They confirmed our previous assertion that a major class of plant-based leathers were mostly made of polyurethane, typically attached to a polyester or cotton backing textile. They also compared a couple of fully bio-based alternatives such as Muskin and Kombucha, but the main finding was that their properties were very far from that of actual leather.
How did they manage to confirm this?
In chemistry, an infra-red spectrum is a sort of “molecular fingerprint” of a chemical, polymer or material, which can show us the types of molecular bonds and thus the chemical structures which may be present in a material. It’s not easily quantitative, but it is used to give a rough qualitative determination of the components or a mixture, especially when compared to reference spectra of other materials.
The one example that they show is of the material we have previously discussed: Desserto Cactus Leather. The infra-red spectrum below confirms that the material is mostly polyurethane, and not (mostly) a plant-based natural material biopolymer, such as cellulose or other polysaccharides (shown for comparison below). However, the specific proportions of the material are difficult to quantify from infra-red analysis alone, and this is something that the authors highlight.
In the paper, we also see magnified cross sections of the materials that were studied. Here, we can see the foamed polymer and natural material layer (b) with the polymeric coating (a) and the textile backing of Desserto leather (c):
More shockingly, the study found that some of the leather alternatives contained traces of explicitly banned chemicals, in particular Desserto, Appleskin, Vegea, and Piñatex, the group of plastic-coated textile leathers. One of the poorest scoring materials was actually the Desserto cactus leather, which contained five restricted substances including butanone oxime, toluene, free isocyanate, an organic pesticide called folpet, and traces of a phthalate plasticiser. In some of the other alternative leather samples, toluene and plasticisers, and the solvent DMF were detected. However, the article does not clarify the absolute levels in which these contaminants were detected.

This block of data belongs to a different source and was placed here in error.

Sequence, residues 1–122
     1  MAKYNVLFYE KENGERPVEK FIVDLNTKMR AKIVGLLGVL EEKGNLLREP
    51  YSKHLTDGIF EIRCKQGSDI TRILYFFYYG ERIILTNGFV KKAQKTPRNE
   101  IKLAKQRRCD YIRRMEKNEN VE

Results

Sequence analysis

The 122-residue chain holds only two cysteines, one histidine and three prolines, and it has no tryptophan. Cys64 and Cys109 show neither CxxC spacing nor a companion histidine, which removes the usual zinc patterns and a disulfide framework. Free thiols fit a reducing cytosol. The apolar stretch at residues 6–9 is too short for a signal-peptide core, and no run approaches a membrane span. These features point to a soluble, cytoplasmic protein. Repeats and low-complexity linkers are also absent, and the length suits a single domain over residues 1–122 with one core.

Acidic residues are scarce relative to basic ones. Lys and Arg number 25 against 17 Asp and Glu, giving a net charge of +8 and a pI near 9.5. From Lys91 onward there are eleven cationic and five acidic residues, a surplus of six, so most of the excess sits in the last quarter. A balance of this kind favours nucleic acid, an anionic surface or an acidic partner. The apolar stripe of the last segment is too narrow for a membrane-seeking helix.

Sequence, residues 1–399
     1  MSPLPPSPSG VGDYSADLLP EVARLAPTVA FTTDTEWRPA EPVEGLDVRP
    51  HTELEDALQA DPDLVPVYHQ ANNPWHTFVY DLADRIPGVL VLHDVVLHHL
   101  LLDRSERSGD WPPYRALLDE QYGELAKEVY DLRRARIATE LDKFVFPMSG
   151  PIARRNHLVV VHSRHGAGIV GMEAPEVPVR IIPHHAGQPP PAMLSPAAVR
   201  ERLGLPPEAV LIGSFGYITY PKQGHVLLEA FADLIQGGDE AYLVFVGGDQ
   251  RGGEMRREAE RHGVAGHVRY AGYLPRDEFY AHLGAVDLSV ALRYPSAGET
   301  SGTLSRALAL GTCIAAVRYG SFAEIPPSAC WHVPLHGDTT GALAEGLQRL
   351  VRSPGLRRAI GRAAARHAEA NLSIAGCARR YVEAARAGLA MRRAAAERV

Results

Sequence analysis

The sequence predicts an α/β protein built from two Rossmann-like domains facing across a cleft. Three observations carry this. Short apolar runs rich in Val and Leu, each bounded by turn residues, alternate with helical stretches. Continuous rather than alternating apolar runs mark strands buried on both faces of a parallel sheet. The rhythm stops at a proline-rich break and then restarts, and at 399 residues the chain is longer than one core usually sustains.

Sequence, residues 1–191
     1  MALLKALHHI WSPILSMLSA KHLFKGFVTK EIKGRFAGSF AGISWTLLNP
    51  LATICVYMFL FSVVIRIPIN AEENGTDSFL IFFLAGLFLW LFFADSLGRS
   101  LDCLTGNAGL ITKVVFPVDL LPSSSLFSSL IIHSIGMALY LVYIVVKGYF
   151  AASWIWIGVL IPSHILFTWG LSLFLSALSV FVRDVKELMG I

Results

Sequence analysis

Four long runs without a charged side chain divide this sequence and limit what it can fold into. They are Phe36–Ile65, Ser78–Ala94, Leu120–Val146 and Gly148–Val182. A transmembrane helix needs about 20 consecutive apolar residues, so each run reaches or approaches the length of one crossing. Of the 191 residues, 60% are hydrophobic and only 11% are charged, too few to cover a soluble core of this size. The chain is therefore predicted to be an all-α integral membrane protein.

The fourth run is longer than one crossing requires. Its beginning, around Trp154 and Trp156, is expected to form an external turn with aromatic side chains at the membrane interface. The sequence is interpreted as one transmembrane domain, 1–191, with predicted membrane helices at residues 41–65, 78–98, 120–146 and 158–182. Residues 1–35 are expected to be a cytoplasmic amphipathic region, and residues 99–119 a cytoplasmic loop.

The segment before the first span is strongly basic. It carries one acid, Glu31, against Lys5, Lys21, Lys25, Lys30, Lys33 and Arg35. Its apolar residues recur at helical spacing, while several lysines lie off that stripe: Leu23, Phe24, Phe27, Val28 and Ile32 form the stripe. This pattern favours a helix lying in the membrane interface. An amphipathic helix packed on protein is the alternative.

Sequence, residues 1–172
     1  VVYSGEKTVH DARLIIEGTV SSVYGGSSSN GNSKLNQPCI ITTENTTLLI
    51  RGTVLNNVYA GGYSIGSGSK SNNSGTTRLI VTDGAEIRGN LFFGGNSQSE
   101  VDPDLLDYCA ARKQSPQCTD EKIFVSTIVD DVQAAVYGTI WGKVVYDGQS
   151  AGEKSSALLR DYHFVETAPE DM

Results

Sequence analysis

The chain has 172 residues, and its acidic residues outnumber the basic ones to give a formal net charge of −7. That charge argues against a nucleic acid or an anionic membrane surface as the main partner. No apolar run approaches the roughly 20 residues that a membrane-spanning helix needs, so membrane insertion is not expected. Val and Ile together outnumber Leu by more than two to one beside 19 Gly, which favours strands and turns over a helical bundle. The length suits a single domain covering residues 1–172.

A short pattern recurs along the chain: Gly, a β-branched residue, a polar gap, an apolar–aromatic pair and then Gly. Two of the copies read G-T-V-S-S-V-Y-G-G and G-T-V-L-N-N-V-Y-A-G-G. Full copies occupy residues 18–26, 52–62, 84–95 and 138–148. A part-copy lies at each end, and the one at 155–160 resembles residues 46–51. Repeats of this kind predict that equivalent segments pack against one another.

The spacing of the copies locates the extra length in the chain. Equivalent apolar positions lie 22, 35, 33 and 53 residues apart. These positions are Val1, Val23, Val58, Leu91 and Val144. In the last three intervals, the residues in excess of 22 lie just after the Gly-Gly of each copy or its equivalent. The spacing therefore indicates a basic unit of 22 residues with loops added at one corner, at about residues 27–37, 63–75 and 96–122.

The team also tested the physical properties of the materials and compared them to natural leather. Unsurprisingly, none of the materials really matched the purpose of leather. Some came closer than others, and particularly the non-coated or hybrid materials Muskin and Kombucha fell quite short in terms of strength. Of course, depending on the application, some brands may tolerate differing physical properties as they may wish to incorporate the unique properties of some of the materials into their product design. In essence, it is pretty tough to replicate the natural fibrous collagen network found in animal skins, so it is quite clear that the materials are substitutes or rough approximations of real leather.
So What’s Next?
There is clearly a need for continued innovation and improvement in this field. Conventional leathers can currently be sourced chrome-free and tanned using vegetable-based processes, reducing the impact in some key areas. And there are other innovators working on this issue, who are attempting to create fully plant-based and plastic-free alternatives to animal leather.
What we need to be clearer about is the claims that are being made about certain materials and the way in which these stories are told to the public. It will ultimately undermine consumer confidence in the long term, if every new plastic and natural material hybrid is hailed as a ‘breakthrough sustainable innovation’. Innovators, manufacturers and brands need to honestly depict the limitations of certain approaches and the challenges that lie ahead, without glossing over the details or obscuring key pieces of information that would allow consumers to make informed decisions.